This reality has prompted researchers to develop a new conception of equity in relation to the introduction of alternative assessments. This new notion carries equity beyond just giving students equal opportunity to achieve at a higher level; under the new model, every student gets the support and resources needed to master high-level content (Rothman, 1994). Under this new system, schools refocus their efforts toward increasing low-achieving students' exposure to and facility with high-level content. But until such systemic changes are made to address inequities in the current educational system, there is little reason to believe that alternative assessments are inherently more equitable than traditional assessments. Indeed, they may prove less equitable if only a privileged few are exposed to the content that they assess.

Another equity concern is the fact that many students with disabilities or who have limited English proficiency (LEP) are excluded from national- and state-level assessments on the basis that paper and pencil assessments may not accurately measure the achievement of those students. Some researchers argue however, that traditional assessments can be made more equitable by making certain accommodations. For example, tests could allot more time for LEP or disabled students or be offered in braille. Moreover, some research on students with disabilities has revealed that many students with disabilities can take assessments without any, or only minor, modifications.

Measuring The Achievement of Students With Disabilities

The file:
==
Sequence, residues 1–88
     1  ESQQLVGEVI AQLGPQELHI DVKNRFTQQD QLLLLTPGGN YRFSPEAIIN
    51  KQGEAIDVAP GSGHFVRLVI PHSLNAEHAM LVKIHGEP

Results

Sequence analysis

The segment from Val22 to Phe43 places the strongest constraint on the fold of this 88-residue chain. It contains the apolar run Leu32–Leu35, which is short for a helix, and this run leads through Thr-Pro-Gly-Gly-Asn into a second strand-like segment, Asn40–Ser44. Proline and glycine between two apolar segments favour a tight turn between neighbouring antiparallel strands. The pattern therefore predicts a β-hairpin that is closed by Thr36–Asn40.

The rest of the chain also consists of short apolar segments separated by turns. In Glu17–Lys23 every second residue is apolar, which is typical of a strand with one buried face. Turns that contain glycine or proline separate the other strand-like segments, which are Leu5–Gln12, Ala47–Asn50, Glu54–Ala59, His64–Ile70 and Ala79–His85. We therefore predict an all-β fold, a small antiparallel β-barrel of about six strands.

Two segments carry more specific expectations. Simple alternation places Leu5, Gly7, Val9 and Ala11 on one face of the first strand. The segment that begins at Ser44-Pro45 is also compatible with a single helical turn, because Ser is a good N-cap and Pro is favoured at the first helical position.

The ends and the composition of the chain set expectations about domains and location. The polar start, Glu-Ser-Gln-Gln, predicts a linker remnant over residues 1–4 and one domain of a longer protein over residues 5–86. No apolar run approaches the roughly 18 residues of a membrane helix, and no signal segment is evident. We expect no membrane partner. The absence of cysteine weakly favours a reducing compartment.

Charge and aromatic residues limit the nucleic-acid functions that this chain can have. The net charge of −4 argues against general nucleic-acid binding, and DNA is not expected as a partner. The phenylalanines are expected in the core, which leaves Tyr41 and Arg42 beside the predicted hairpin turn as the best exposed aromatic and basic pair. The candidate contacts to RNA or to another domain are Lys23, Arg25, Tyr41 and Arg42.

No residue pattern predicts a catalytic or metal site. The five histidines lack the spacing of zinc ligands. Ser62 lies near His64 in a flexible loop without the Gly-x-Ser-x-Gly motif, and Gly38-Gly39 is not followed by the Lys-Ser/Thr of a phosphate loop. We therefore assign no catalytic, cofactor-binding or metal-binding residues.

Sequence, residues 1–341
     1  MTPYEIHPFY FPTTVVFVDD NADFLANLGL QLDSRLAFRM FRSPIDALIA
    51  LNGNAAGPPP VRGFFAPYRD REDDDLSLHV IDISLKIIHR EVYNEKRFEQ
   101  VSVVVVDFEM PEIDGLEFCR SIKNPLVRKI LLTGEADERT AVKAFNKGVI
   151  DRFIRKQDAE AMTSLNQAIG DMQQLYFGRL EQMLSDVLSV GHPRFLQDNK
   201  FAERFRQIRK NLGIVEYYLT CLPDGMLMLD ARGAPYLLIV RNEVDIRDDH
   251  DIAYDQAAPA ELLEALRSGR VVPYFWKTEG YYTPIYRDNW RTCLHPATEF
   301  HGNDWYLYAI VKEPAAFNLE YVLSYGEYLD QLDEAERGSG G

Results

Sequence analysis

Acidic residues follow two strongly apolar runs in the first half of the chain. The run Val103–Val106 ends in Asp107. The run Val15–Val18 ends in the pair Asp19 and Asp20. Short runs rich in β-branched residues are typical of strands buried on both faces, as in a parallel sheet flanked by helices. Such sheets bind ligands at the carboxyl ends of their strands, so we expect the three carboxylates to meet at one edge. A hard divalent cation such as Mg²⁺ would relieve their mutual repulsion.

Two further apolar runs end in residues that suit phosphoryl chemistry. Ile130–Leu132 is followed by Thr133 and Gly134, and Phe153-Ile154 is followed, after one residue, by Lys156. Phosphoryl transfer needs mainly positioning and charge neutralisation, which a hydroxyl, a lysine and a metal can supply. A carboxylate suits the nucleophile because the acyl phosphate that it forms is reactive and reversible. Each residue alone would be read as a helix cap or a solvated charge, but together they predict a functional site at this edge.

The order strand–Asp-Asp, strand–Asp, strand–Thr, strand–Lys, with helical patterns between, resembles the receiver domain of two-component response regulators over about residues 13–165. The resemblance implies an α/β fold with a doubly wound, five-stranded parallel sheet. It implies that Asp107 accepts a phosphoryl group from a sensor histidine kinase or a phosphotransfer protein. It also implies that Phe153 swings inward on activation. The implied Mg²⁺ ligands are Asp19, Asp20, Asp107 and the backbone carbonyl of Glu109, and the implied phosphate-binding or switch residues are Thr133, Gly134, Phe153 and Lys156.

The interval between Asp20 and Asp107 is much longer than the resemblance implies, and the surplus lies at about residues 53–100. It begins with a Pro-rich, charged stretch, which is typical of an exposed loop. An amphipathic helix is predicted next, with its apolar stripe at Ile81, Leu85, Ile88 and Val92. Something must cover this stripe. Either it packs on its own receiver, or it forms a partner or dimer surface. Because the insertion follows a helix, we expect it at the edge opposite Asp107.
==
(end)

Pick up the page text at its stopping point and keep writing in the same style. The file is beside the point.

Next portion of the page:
The Kentucky Instructional Results Information System's (KIRIS) Interim Student Assessment Program requires all 4th, 8th, and 12th grade students to be tested in reading, mathematics, writing, science, and social studies. The Disabilities and Diversity Committee, composed of teachers, school administrators, university representatives, and members of the State Department of Education, however, met for a year to consider issues related to the inclusion of students with disabilities in the Interim Student Assessment Program. The committee concluded that all students with disabilities shall participate in the KIRIS Student Assessment Program, using those adaptations that are consistent with the normal instructional process that are documented in the Student's Individual Education Plan (IEP). These adaptations can include the use of technology to assist students. If a student's disability is so severe as to prevent participation in the regular curriculum--with assistance and adaptive devices made available (1 to 2% of the total population of school children in Kentucky)--the students will participate in the KIRIS Alternate Portfolio Assessment process. Alternate Portfolios document students' attainment of learning goals by showcasing 7-10 entries of their best work. Portfolio entries may be written, pictorial, or audiotape, and should reflect each student's individualized curriculum through a wide array of instructional strategies and tasks. The Alternate Portfolio process facilitates interactions between the student and teacher and allows teachers to identify accurately the learning needs of individual students and to review the appropriateness of curriculum goals and content for each student.